Japanese court summons North Korea’s Kim Jong Un for lawsuit over human rights abuses
TOKYO – A Japanese court has summoned North Korean leader Kim Jong Un to answer for alleged human rights abuses five plaintiffs say they suffered after moving to North Korea under a government repatriation program.
The plaintiffs defected to Japan and filed a civil suit three years ago in Tokyo District Court seeking about $909,000 each for the abuse they suffered, their lawyer Kenji Fukuda said at a news conference Wednesday.
The court on Aug. 16 ordered Kim to appear at the first hearing in the case on Oct. 14, Fukuda said.
Kim is not expected to show up, but this is the first time a Japanese court has summoned a North Korean government official to appear, Fukuda said. He said the court order sets aside any claim for Kim of sovereign immunity.
The five allege that North Korean government propaganda deceived them into joining a repatriation program by describing the communist country as a “paradise on earth,” Fukuda said.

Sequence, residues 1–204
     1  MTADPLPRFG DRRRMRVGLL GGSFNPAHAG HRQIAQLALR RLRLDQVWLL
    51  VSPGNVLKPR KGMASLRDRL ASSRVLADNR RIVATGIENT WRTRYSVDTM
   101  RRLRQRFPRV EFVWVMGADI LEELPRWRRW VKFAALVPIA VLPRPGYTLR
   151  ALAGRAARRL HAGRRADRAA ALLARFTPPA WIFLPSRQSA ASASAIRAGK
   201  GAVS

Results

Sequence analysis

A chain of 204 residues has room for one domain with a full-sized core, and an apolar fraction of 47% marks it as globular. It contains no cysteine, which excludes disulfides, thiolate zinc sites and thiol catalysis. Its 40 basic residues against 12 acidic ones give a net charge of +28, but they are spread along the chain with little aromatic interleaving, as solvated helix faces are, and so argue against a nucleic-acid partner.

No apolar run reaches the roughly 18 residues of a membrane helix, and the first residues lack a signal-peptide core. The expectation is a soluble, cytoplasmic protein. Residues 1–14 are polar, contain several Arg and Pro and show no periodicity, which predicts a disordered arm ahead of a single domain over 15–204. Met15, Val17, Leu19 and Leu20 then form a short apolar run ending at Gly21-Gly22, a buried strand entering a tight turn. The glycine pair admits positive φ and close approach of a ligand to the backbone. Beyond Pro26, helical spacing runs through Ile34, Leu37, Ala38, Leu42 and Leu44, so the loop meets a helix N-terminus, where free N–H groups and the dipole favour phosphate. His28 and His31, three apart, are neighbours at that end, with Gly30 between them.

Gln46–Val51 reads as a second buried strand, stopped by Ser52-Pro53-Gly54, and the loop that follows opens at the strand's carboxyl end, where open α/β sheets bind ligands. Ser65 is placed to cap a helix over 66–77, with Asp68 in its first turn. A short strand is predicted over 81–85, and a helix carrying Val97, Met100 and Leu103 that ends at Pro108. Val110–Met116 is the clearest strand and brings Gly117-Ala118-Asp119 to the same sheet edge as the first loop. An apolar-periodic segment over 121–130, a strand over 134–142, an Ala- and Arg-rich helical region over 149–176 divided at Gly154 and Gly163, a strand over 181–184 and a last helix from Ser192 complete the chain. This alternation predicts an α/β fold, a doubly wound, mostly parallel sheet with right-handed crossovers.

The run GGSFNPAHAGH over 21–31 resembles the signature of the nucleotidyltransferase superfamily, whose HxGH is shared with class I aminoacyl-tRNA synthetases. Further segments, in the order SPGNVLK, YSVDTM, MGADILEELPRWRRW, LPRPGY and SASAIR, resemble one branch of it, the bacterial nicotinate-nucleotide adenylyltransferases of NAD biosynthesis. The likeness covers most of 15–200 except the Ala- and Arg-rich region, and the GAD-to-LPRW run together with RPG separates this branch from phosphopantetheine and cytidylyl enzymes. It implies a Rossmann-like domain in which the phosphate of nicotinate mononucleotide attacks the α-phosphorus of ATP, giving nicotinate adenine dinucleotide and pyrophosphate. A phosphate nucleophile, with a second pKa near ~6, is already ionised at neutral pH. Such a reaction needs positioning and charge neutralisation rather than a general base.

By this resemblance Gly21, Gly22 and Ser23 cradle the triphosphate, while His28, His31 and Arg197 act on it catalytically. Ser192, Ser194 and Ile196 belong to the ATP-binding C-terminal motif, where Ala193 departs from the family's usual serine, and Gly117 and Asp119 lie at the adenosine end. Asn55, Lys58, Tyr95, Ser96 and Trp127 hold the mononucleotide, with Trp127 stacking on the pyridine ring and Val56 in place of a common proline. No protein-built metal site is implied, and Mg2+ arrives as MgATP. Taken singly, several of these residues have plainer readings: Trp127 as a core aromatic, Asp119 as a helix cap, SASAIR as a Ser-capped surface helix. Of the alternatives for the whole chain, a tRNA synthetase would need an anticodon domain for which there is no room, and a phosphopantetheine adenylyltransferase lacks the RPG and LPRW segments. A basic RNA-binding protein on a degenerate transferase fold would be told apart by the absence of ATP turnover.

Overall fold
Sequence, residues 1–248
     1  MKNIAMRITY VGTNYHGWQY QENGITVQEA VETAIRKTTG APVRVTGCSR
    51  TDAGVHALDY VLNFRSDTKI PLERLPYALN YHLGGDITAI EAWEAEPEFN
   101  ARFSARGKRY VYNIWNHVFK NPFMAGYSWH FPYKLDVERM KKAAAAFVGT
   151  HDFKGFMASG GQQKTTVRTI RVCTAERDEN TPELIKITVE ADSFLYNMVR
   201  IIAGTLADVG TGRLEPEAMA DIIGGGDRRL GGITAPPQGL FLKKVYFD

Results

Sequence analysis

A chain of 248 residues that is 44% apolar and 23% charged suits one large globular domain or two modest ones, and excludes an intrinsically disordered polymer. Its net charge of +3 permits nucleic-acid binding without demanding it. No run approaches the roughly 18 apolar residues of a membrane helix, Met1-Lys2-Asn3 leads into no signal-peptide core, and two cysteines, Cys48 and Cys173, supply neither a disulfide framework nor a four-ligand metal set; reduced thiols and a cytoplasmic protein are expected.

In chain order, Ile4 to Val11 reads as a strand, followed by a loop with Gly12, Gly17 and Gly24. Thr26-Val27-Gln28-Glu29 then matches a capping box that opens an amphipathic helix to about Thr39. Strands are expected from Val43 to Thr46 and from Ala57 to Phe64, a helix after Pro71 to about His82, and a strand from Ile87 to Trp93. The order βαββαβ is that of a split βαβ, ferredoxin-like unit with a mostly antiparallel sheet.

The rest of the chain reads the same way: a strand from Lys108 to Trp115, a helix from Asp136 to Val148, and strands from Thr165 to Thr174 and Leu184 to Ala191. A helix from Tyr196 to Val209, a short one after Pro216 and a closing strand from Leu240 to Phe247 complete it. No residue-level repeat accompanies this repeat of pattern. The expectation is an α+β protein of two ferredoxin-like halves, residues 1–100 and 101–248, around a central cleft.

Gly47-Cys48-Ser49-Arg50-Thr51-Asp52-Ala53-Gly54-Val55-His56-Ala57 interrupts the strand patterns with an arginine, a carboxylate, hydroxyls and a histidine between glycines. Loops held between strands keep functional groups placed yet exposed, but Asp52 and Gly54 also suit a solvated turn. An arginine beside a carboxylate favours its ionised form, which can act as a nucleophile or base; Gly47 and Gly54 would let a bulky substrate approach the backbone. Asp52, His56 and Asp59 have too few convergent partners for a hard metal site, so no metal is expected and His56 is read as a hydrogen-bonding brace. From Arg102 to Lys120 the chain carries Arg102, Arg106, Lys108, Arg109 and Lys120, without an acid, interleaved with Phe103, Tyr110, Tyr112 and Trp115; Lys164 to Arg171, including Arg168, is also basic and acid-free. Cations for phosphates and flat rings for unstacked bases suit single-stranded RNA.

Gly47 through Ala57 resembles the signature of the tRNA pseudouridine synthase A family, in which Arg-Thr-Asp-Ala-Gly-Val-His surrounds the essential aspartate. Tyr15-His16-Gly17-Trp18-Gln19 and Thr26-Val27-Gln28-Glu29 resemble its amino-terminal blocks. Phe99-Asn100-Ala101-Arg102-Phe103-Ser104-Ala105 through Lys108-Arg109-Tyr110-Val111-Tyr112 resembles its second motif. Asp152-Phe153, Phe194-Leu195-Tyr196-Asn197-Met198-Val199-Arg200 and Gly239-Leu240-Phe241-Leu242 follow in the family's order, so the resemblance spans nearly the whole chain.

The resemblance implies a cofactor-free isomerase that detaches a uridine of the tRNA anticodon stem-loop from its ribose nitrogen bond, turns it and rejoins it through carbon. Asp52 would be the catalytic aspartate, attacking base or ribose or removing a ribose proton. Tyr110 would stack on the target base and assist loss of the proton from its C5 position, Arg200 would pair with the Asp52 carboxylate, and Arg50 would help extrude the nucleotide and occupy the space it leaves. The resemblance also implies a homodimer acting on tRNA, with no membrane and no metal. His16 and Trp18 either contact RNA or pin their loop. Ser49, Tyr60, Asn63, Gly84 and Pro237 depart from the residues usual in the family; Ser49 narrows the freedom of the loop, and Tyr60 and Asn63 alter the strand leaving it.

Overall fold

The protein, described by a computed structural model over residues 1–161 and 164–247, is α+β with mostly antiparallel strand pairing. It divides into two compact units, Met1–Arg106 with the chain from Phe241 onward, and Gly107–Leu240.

The plaintiffs also claim “state abduction” by the North, which would not permit them to leave the country, and “obstruction of departure” for keeping their families in North Korea against their will.
Over 93,000 Koreans and their families living in Japan moved to North Korea under the repatriation program between 1959 and 1984, urged by the North Korean government to resettle there, according to Fukuda. North Korea promised free housing, medical care and education, he said.
“Of course, they realized soon after they arrived in North Korea that it was a false advertisement,” Fukuda said, “and that it is not a ‘paradise on earth.’”